|Pevzer, Igal - COBB VANTRESS, INC|
|Lowry, Virginia - TX A&M UNIVERSITY|
|Farnell, Morgan - TX A&M UNIVERSITY|
Submitted to: Avian Pathology
Publication Type: Peer Reviewed Journal
Publication Acceptance Date: August 6, 2002
Publication Date: February 1, 2003
Interpretive Summary: During the first week of life, baby chickens are susceptible to bacterial infections. Baby chicks have blood cells that can help them prevent these infections. These cells are called heterophils. The objective of this research was to compare heterophils from different types (A and B) of baby chicks and to see which chickens' heterophils were better able to kill bacteria. We found that roosters with strong heterophils passed on this ability to their baby chicks and that roosters with a weaker heterophil response also produced chicks with a decreased heterophil response. These experiments are important to the commercial poultry breeders because we have shown that if they use roosters with a strong heterophil response then the baby chicks will be stronger and may be able to fight off infections better.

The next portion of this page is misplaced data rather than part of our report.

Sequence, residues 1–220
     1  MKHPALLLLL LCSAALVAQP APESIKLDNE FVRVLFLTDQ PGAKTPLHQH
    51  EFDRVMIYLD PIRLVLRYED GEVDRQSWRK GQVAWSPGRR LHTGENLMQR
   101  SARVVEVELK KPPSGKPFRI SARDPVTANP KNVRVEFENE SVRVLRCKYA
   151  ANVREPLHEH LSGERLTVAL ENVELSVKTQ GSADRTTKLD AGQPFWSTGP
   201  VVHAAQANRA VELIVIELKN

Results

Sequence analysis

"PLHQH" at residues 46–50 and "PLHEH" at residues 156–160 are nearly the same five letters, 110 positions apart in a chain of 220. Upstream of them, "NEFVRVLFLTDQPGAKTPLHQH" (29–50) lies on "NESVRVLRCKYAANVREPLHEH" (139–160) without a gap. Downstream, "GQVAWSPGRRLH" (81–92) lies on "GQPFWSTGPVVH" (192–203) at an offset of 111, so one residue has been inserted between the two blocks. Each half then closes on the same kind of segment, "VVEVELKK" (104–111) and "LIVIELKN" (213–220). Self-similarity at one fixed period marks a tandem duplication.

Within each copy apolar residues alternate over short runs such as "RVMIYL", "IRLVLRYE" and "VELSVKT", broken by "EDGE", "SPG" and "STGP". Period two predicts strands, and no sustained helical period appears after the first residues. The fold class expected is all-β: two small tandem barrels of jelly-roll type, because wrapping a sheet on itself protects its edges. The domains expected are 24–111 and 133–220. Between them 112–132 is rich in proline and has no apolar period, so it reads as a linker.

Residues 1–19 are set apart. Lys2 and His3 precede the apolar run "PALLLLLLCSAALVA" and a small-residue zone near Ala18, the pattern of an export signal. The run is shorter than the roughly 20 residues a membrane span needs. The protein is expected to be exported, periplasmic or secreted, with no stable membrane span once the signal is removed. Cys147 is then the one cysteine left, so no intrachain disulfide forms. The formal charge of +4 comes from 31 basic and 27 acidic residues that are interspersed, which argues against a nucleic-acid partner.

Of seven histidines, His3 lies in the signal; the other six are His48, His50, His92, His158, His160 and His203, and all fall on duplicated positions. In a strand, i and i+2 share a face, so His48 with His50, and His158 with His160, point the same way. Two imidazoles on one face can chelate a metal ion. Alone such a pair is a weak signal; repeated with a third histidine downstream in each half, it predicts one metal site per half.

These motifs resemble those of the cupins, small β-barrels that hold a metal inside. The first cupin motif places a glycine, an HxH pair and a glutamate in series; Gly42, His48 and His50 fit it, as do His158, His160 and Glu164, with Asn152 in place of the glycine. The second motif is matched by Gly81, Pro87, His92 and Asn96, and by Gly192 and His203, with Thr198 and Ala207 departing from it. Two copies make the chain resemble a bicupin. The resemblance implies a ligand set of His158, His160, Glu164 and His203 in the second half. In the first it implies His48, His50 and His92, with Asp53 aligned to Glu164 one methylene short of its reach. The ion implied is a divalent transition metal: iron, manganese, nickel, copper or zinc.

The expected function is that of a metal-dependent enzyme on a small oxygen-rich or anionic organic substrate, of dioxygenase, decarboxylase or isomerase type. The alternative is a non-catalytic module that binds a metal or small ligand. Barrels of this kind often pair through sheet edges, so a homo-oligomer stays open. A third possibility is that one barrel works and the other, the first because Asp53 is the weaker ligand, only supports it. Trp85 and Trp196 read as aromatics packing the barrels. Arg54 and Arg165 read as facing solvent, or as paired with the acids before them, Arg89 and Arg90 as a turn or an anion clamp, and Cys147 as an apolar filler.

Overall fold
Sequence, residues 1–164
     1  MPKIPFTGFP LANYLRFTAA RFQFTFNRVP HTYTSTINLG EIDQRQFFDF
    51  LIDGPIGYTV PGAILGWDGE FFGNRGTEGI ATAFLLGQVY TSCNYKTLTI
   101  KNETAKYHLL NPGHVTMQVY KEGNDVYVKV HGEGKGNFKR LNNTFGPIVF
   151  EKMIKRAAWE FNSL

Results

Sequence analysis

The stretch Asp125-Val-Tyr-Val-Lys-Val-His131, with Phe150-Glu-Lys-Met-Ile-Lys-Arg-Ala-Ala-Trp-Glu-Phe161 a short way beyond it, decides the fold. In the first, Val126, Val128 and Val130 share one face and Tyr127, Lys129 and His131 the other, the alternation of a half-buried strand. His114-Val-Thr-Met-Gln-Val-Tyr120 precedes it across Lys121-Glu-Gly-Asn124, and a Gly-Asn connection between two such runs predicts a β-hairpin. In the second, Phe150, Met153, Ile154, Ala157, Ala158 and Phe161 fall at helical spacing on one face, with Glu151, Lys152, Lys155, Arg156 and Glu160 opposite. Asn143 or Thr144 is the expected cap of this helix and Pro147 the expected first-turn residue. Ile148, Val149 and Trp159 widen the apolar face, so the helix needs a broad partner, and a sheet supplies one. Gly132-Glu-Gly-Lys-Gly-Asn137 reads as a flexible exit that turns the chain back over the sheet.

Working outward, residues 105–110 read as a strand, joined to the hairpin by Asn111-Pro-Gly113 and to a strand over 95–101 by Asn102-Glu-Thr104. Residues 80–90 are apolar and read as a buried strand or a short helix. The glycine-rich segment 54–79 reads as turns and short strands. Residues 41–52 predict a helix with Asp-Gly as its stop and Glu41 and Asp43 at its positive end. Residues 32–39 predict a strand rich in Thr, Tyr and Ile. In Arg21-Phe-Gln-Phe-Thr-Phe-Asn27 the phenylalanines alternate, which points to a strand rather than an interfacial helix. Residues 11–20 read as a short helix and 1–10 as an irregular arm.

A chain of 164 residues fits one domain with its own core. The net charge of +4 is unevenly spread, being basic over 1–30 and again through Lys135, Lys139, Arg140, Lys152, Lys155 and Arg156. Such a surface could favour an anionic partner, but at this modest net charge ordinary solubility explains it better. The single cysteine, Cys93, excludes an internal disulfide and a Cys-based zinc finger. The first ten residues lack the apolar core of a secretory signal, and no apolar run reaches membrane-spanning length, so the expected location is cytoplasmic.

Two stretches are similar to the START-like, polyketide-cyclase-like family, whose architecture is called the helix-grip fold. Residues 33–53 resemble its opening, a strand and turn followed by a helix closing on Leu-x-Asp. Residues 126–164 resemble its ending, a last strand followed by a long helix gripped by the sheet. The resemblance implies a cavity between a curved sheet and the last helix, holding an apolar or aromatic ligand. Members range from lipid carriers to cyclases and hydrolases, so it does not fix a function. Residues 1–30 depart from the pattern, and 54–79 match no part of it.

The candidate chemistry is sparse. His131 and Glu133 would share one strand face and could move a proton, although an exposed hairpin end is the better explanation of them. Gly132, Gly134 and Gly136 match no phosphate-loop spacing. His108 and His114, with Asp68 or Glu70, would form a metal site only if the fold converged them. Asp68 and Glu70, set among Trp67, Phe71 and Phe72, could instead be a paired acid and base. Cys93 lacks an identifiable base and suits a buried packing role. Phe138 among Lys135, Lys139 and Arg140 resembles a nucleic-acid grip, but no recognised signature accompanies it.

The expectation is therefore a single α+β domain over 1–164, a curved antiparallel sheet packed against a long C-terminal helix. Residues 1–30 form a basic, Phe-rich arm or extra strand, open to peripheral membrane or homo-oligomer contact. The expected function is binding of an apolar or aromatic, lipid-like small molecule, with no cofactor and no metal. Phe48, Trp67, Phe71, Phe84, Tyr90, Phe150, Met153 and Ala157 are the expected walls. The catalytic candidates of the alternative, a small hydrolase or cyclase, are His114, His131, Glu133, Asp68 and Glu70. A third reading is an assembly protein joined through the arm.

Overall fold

Technical Abstract: Heterophils from two pure lines (A and B) of commercial broiler chickens were isolated on days 1, 4, and 7 post hatch to evaluated their ability to: (1) phagocytize Salmonella enteritidis (2) degranulate when exposed to immune-IgG opsonized SE, and (3) produce an oxidative burst. On days 1 and 4, heterophils from line A were functionally more efficient compared to heterophils from line B. By 7 days post hatch, heterophil functions for both lines were comparable. To determine if heterophil functional efficiency is heritable, heterophils from F1 crosses of the immunological efficient (A) and non-efficient (B) lines were evaluated for functional activity (line C = male B x female A; line D = male A x female B) and compared to parent lines. Heterophils from D had a more efficient heterophil function when compared to heterophils from C. Based on these results, heterophil function and efficiency can be genetically transferred to progeny. More specifically, the data suggests heterophil function is sex-associated and genetically controlled by the rooster since progeny of line A males maintained immunodominant characteristics whereas heterophils from the progeny of line B roosters remained immunologically inefficient. To our knowledge, this is the first report to describe a functional relationship between pure and F1 crosses of broiler chickens with regard to heterophils and the innate immune response.